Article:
Eliminating same day voter registration is chasing a boogeyman man that doesn’t exist.
Eliminating the right for people to register to vote on election day is a solution to a problem that also doesn’t exist.
Some would say we’ve made this change to help the town and city clerks. But not one town clerk has testified that registering to vote on election day is a burden. We also did not hear that there are cases after cases of voter fraud.
Placing barriers to the voting booth diminishes the importance of Democracy. The Constitution is a living document that is meant to be immune to political influence. Unfortunately, those who are trying to prevent people from registering to vote on election day will literally be stopping thousands of people at the polls on election day saying, “Stop! We’ve changed the rules. You can’t vote.”
We all know that every vote really does count. And Democrats in the legislature stand ready to continue defending your Constitutional rights.
Thank you for listening. Again this is Senator Bill Diamond. Have a great weekend.
AUGUSTA – Late Thursday evening June 9, the Maine Legislature’s Appropriations and Financial Affairs Committee unanimously passed the $6.1 billion two-year budget and both House and Senate Democratic leaders praised it as a bipartisan compromise.
“Committee leaders and members worked tirelessly to find bipartisan compromise even on the issues that most divide us,” said Sen. Barry Hobbins of Saco, the Senate Democratic leader. “We proved once again that we can work together to find reasonable solutions to the challenges that face our state.”
Democratic and Republican lawmakers worked to make key changes to the governor’s original budget proposal, rejecting the most draconian cuts. Democrats fought to keep the state’s promises to public employees and retirees, to preserve health care for 28,000 Maine people, and to protect the elderly and disabled.
“Democrats came ready to work, providing substantive alternatives to many of the governor’s proposals,” said Rep. Emily Cain of Orono, the House Democratic leader. “We stood strong for our core values and worked across the aisle to find a compromise we could support.”
The committee restored cuts to the Fund for a Healthy Maine and prescription drug coverage for the elderly, and it preserved the safety net for the Maine’s neediest families. Lawmakers also rejected the governor’s proposed elimination of funding for Maine Public Broadcasting Network.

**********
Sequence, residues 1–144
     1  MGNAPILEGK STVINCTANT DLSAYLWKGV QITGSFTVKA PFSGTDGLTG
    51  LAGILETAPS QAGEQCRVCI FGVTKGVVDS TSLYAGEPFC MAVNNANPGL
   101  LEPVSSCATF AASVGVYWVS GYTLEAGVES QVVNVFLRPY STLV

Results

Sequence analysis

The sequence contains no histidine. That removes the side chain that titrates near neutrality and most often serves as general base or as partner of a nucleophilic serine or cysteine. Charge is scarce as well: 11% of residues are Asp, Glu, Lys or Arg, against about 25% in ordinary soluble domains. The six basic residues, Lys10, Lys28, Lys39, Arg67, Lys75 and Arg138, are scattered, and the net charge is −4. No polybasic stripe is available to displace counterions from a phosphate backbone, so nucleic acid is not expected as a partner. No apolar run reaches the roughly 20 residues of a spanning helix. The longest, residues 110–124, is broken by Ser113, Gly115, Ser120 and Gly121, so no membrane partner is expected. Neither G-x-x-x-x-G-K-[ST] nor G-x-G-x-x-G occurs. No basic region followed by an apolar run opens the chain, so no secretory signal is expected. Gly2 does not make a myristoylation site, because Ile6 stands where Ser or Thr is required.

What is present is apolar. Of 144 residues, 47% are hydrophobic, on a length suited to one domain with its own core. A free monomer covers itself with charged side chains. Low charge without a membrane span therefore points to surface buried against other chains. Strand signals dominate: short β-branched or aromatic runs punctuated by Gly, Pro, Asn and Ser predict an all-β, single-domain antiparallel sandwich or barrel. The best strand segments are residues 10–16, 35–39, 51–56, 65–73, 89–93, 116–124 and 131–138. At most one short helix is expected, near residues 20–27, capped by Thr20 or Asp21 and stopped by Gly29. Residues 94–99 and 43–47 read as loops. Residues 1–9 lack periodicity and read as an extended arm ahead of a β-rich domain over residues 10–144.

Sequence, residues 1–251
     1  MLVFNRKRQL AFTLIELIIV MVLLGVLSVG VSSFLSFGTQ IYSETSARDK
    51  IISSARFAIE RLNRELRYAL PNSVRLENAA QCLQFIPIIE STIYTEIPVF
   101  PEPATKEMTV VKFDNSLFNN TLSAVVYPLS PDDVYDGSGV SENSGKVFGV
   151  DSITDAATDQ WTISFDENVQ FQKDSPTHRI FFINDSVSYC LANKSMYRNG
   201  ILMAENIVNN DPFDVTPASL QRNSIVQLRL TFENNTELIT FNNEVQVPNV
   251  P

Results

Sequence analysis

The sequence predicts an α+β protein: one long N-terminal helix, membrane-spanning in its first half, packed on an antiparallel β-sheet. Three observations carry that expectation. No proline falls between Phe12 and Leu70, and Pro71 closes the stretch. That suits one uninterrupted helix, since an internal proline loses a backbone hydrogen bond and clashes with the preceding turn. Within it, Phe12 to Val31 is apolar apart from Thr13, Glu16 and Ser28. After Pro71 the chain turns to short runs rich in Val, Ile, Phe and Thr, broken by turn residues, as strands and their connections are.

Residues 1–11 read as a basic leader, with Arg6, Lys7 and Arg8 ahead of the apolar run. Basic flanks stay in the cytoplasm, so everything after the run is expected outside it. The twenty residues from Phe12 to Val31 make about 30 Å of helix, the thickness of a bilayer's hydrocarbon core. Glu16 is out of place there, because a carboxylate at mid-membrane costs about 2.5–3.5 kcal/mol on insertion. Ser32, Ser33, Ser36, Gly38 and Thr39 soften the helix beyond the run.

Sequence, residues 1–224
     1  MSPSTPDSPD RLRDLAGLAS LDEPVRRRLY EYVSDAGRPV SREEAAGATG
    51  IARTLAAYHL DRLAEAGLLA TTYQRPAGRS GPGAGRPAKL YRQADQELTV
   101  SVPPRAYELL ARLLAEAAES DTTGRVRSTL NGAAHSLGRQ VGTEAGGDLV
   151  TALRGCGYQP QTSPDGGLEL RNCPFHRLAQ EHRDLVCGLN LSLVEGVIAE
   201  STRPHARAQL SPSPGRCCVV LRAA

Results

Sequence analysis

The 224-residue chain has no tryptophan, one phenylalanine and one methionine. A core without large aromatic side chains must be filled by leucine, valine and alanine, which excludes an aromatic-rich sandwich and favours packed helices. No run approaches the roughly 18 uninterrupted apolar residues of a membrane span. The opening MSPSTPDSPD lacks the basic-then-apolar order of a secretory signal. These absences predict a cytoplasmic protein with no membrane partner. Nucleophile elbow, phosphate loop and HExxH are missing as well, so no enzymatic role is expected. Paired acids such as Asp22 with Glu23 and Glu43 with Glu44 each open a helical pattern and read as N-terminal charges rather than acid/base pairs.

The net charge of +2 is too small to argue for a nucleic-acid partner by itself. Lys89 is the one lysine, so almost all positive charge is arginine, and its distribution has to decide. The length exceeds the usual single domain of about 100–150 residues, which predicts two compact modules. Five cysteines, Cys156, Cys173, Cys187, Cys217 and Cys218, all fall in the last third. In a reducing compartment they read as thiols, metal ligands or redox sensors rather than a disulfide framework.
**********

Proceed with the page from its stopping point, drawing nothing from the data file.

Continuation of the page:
Democrats also succeeded in eliminating the governor’s proposal to put a 2 percent tax on employee contributions, and ultimately agreed to cap future cost-of-living increases at 3 percent a year, instead of 2 percent as proposed by the governor. The cost-of-living increases would apply only to the first $20,000 of retirees’ annual pension payments.
“Democrats worked hard to push back against the governor’s proposals on pensions,” said Rep. Peggy Rotundo of Lewiston, who serves as the lead House Democrat on the Appropriations and Financial Affairs Committee. “We have a bipartisan commitment from those of us on the committee to continue to work to raise the cap on cost-of-living-adjustments and find a longer-term solution.”
“Our budget is a statement of our principles and priorities,” said Senator Dawn Hill of York, the lead Senate Democrat on the committee. “Democrats worked incredibly hard to protect our most vulnerable citizens and to honor our promises to our communities.” The budget also lowers taxes for Maine people and businesses, while offering incentives to traditional Maine industries, like commercial fishing and windjammers.
The budget faces further votes in the House and Senate, where it must earn support from two-thirds of the lawmakers.
May 27, 2011
Democratic Weekly Address 2011-05-27
Good morning. And, thank you for tuning in to the Democratic Weekly Radio Address. I’m Senator Justin Alfond—Assistant Democratic Leader from Portland.
We are just ten days away from wrapping up the legislative session and, there is still a lot to do. Hundreds of bills need to be voted on and we have to pass a two year budget. Everyone understands the massive work ahead.
Democrats and Republicans agree that recovery from this economic downturn is job number one. Improving the business climate, creating jobs, and developing economic priorities unite us.